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Feyaza Khan: Recycling doesn't matter...if you keep "upgrading"

Feyaza Khan
Authored by Feyaza Khan
Posted: Wednesday, June 9, 2021 - 10:59

I got my first cell phone when I was about 11; that’s when they were brand new to the masses in South Africa. My mother had got the first contract in our region and so even though it was expensive, I was allowed one to help her with testing. It was a massive orange Siemens that looked like a shoebox, and it had been instilled in me how expensive it was and how lucky I was to have one. I remember taking it into school for a Show and Tell, and it had to be kept in the headmaster’s safe during break times. 

None of my friends had a cell phone, so it was pretty much only used to call my parents or send them an SMS (that’s what we called texts, then) about my extracurricular activities. I had that model for about three years and loved it, until I got a Nokia and “Snake” took over my life (if you know, you know).

And that is the longest I ever went without “upgrading”. Since then, with technology moving so quickly, I got a new phone every year or at maximum every two years, to stay ahead, because I felt like I would be digitally destitute without all these innovations that I’d survived my whole life without. Siemens, Nokias, Motorolas (loved my Startac and my RAZR!), Blackberry (that feels like yesterday) and then I finally (and stupidly) moved to the iPhone in 2012.

However, it was probably two years later, when the iPhone 6 was released that I felt something weird was going on and my upgrades weren’t so much “upgrades” as exchanges for almost-replicas with variable screens.

There were so many models released in short succession between the 6 and the X - it became a bit ridiculous, I’m not even sure how Apple kept up but I was busy in my personal life, so for the first time in years, didn’t upgrade my phone. 

And guess what? Nothing happened. I didn’t feel like I’d lost out, my camera still took good images and I was still able to use my phone for work, which is its main purpose for me.

Most people were continuing to be duped by the new releases and everytime a new iPhone, Huawei or Samsung was released, there was the inevitable news piece with a time-lapse video of long queues winding around the roads outside shops in London, Shanghai and New York.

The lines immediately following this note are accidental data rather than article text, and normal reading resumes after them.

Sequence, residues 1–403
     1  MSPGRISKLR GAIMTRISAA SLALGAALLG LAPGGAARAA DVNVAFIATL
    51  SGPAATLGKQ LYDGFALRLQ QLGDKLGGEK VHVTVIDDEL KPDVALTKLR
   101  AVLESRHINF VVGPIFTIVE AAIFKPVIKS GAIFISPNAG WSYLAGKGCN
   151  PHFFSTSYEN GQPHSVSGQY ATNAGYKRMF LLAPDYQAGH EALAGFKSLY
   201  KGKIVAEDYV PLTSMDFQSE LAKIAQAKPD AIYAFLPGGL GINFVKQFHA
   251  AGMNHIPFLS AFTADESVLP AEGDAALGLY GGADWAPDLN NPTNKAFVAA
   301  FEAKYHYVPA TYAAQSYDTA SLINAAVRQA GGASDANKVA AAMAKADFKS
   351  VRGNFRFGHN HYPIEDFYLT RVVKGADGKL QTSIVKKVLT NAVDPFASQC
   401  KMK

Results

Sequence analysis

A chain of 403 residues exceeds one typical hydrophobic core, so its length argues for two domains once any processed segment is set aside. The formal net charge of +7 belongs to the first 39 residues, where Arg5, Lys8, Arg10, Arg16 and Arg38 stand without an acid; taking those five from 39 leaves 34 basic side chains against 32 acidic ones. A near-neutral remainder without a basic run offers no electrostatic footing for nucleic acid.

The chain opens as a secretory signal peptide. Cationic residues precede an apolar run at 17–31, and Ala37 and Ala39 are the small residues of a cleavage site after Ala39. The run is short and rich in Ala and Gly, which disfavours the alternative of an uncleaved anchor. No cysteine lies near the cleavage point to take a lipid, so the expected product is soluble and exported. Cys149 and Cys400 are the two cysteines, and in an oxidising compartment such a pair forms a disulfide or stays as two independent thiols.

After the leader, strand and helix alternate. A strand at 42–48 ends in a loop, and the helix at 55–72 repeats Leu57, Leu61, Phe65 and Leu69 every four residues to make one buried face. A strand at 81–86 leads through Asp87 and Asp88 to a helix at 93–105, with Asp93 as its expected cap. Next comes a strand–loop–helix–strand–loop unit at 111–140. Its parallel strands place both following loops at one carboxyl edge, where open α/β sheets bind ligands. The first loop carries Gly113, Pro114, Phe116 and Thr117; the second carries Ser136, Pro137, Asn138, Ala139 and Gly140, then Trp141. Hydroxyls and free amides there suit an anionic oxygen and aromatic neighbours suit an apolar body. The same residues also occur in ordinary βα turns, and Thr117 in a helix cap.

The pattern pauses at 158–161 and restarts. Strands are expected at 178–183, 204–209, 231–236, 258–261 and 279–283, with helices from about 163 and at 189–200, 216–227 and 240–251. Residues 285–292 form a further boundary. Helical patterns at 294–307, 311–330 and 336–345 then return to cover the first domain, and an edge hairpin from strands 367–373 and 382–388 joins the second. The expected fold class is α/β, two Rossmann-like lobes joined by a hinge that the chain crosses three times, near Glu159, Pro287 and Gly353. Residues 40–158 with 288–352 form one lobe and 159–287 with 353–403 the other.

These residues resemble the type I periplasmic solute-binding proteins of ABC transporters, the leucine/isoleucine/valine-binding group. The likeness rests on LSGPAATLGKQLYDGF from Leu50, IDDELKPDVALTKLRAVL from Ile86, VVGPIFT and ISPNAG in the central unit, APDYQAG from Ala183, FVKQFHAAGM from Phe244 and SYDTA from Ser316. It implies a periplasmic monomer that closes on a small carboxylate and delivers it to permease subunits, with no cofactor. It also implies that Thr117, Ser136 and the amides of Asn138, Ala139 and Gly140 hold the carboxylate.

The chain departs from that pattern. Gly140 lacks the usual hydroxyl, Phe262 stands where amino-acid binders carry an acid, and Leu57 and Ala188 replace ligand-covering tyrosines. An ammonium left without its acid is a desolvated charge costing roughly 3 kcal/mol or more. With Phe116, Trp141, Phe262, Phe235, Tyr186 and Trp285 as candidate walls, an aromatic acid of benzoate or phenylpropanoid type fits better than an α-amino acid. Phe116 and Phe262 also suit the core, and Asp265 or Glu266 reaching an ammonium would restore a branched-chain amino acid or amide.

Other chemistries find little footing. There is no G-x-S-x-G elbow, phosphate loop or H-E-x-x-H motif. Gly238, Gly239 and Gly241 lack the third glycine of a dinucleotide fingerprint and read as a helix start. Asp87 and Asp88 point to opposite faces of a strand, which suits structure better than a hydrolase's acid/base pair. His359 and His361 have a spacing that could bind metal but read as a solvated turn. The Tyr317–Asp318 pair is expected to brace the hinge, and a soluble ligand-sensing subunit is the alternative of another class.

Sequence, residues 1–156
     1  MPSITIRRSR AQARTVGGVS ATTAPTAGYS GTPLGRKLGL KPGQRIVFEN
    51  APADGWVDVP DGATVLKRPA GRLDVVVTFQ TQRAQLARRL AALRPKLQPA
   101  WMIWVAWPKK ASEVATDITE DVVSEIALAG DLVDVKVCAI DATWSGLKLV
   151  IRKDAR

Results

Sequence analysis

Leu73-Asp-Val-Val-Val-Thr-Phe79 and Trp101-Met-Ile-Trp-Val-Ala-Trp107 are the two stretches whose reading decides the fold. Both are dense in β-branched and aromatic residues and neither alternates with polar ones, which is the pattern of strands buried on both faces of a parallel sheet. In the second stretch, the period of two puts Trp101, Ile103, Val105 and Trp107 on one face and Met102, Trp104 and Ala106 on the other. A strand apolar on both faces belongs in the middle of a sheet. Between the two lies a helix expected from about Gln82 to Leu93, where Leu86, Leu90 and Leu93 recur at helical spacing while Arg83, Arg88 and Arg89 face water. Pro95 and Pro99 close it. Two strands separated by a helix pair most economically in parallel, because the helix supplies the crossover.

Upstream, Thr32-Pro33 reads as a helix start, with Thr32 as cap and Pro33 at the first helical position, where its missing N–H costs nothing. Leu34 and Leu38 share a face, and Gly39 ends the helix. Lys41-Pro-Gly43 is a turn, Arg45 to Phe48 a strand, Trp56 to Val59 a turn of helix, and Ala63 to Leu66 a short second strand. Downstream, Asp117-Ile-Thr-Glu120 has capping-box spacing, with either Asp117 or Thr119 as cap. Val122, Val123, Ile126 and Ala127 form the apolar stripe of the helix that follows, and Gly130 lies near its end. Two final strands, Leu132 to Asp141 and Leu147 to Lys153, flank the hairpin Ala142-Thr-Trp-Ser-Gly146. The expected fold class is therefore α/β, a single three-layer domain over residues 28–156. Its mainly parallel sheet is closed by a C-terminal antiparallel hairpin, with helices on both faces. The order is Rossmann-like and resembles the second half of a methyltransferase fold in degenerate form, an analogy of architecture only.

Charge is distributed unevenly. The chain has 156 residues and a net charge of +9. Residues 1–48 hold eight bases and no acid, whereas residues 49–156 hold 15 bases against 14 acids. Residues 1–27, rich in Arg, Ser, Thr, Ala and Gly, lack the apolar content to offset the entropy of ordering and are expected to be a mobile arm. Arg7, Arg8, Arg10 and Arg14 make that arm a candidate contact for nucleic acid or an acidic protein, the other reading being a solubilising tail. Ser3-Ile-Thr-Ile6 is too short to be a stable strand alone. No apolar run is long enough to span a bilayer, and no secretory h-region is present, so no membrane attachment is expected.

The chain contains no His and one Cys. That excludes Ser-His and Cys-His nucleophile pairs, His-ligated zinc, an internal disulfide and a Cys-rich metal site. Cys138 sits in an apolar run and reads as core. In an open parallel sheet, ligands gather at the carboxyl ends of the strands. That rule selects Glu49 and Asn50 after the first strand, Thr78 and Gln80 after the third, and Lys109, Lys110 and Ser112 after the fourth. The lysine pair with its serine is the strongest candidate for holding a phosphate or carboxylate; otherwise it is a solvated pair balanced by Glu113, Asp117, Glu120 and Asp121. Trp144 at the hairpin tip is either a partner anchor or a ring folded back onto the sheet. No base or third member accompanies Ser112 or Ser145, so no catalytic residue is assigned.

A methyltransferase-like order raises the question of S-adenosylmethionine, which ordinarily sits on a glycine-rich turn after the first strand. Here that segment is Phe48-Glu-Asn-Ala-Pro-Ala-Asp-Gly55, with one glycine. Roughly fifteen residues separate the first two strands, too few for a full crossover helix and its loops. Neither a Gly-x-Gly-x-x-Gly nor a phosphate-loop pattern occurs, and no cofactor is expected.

This week, the London artist Joe Rush unveiled Mount Recyclemore in Cornwall - a sculpture of the heads of the G7 summit leaders made entirely out of electronic waste. He says he wants to “prick their conscience” when they see it as they fly into Carbis Bay because so much of our e-waste is sent to landfill.

According to the Global E Waste partnership around 53 million tons of e waste was produced globally in 2019. Not even a fifth of that was recycled. The UN expects this to double by 2030.

Earlier this year, the French government took a small step in the right direction. It started to ask tech firms to give their gadgets a repairability score with its indice de reparabilité. The scores are out of 10 with Apple, Samsung and Microsoft products not gaining higher than a 7. 

The point of the scoring system is to make sure consumers are able to save money by being able to keep their gadgets longer, while also reducing the earth’s waste.

This is what should be discussed at the G7 this weekend. There will be sessions with climate and environment ministers where they will discuss ways to halt the loss of biodiversity, create a net-zero G7 within 30 years and support a low carbon economy.  These talks are extremely important, of course, but as usual, a decade too late.

Unless more governments take action now, we are going to stuff our landfills full of semi-new gadgets and subsequently our soil with chemical waste. Research from China ten years ago found e waste contamination in crops and also in residents’ blood, placenta and hair. A different study got almost exact results just last year in Sierra Leone, with researchers saying the contamination was potentially harmful to the recyclers of that material and anyone living on or near those sites.

I am ashamed to say that it is people like me who are to blame. I became a vegetarian in 2010 to reduce my carbon footprint, am slowly removing plastic food and detergent waste from my house and use the refill shop as much as possible, just like everyone else... but what is the point if I am one of those people in the UK contributing to the world’s second biggest e -waste pile per person?

 


Feyaza Khan is a journalist, social media marketing consultant and well-tech director. She also presents the Tribe Tech podcast

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